CAT EXTRACT LABELING CHANGES SHOULD REFLECT IDENTITY OF ALLERGEN, ADVISORY CMTE. CONCLUDES; FDA WILL RULE ON CATEGORY IIIB ALLERGENIC EXTRACTS IN EARLY 1992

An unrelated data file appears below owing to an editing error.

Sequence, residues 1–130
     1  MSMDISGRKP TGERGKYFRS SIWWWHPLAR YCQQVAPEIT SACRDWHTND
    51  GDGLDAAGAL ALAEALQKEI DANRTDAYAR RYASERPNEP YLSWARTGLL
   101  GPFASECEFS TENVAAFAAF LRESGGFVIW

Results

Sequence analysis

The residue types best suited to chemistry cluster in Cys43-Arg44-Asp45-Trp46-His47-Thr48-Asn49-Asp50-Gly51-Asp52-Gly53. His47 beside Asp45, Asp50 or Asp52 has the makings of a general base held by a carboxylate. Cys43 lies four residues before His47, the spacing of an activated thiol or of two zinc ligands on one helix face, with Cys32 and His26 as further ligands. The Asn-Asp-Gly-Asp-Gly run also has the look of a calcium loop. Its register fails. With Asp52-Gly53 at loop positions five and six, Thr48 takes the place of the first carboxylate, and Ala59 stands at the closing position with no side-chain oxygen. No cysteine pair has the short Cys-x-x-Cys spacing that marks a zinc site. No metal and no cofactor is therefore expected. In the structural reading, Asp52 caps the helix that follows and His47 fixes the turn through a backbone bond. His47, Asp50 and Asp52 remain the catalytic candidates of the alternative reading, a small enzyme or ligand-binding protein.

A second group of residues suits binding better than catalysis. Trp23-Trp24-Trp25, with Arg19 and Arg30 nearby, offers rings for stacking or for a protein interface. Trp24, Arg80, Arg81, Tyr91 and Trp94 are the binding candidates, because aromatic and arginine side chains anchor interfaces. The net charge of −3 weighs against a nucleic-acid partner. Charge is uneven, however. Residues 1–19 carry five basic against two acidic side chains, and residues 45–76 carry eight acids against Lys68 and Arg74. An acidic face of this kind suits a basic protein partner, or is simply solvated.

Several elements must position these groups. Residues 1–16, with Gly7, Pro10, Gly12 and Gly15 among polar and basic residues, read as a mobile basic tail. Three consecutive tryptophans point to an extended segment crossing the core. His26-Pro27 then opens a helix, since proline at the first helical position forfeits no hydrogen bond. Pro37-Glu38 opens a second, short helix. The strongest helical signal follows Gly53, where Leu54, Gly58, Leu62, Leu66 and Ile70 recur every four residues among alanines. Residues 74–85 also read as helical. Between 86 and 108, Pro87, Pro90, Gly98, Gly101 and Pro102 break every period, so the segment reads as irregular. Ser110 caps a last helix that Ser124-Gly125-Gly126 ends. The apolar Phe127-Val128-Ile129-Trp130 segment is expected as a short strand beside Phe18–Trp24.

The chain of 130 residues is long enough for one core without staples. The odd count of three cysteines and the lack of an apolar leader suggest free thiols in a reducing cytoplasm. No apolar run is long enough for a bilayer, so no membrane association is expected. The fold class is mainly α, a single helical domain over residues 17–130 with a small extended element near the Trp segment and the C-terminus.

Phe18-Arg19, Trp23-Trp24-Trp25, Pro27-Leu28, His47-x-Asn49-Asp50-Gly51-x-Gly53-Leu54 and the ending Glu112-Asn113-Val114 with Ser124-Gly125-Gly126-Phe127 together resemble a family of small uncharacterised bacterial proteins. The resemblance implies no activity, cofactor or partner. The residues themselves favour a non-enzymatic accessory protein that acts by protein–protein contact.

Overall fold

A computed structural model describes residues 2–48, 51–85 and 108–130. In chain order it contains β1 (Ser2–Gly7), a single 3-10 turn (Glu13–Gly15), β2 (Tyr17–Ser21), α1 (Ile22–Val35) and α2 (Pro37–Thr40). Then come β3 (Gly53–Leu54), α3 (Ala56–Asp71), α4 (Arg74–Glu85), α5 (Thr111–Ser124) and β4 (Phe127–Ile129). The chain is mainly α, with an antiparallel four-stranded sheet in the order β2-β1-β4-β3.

Cat allergenic extracts labeling should be changed so that physicians administering the extracts will be aware of whether the products contain fel d1 or other cat allergenics, FDA's Allergenic Products Advisory Committee concluded at its Dec. 13 meeting. The committee reviewed data presented by Paul Turkeltaub, MD, of FDA's Laboratory of Allergy and Immunochemistry, showing that all of the currently marketed cat extracts contain either the fel d1 allergen or "some other non-fel d1 component" identified by Turkeltaub as serum albumin. Noting that "a minority of people [approximately 20%] react only to the serum albumin," which is contained in cat pelt extracts, Turkeltaub said that "labeling should reflect the identity [of an extract's allergen] as best we can tell." He suggested that "we can have two categories -- standardized cat pelt extract and standardized cat extract." Committee member John Ohman, MD, New England Medical Center, also urged a labeling change for cat extracts. "There is concern that switching from an epithelial extract that contains no albumin inadvertently to a deeply potent material of pelt may be hazardous to some people," Ohman commented. The committee also recommended that standard labeling designations for the potency of cat extracts be converted from 100,000 allergy units to 10,000. As part of FDA's effort to standardize potency ratings of all allergen extracts, the agency's Turkeltaub explained that the "arbitrary" rating of standardized cat extract potency as 100,000 allergy units should be changed to 10,000 units to reflect the extract's actual potency relative to that of other extracts. He added that "the clinical data supports the designation of 10,000 allergy units." Committee member Dianne Schuller, MD, Geisinger Medical Center, (Danville, Penn.), said, "I think [changing the potency labeling from 100,000 to 10,000 allergy units is] dangerous because I'm convinced [physicians] will assume it's the same strength and use 10 times the amount." The same concern was first voiced when the committee discussed the labeling change at its Feb. 6 meeting ("The Pink Sheet" Feb. 11, p. 16). Turkeltaub said that the safety issue could be addressed with "a physician education program, supplemental labeling with a warning box," and a "FDA drug bulletin." Several committee members suggested that a new name for the converted units should be found to avoid confusion with the original units. John Salvaggio, MD, Tulane University, said: "I think it is very unwise to use the same name" for the converted units. The new unit name would be applied to all standardized allergen extracts to show their relative potencies. Committee member Charles Reed, MD, Mayo Clinic, supported a standardized potency unit for all extracts, saying that "allergy treatment should be biologically equivalent across allergies." Turkeltaub said this would involve "a massive labeling change" to all marketed allergen extracts. Pending the resolution of the labeling issues, FDA "is going to have to push back" the deadline for allowing nonstandardized cat extract to remain on the market by "six to 12 months," Chris Anderson of the Laboratory of Allergy and Immunochemistry said. In a 1989 letter to extract manufacturers, FDA had said that nonstandardized cat extract would not be allowed on the market after Jan. 1, 1992. In the first quarter of 1992, FDA plans to revoke marketing authority for over 400 Category IIIB allergenic extracts unless further data showing efficacy has been submitted to the agency by then, the committee was told by FDA Division of Regulations and Bioresearch Monitoring Director Steven Falter, MD. A IIIB classification means that an extract is not marketable, pending further supporting data. The notice of opportunity for comments for category IIIB allergen extracts was published in August 1985. Falter added that "we will then turn our attention to the category IIIA extracts," which number "over 1,200 for immunology alone" plus "about 1,000 for diagnostic use." Category IIIA extracts were allowed to remain on the market, pending further studies to demonstrate efficacy. Falter said these will be reviewed and recategorized as either Category I or Category II and that a proposed rule on the reclassification should be ready in the first quarter of 1993. "I would expect that a number of hearings would be requested," to review category IIIA extracts, Falter cautioned, but he predicted a final rule on the extracts in 1995.
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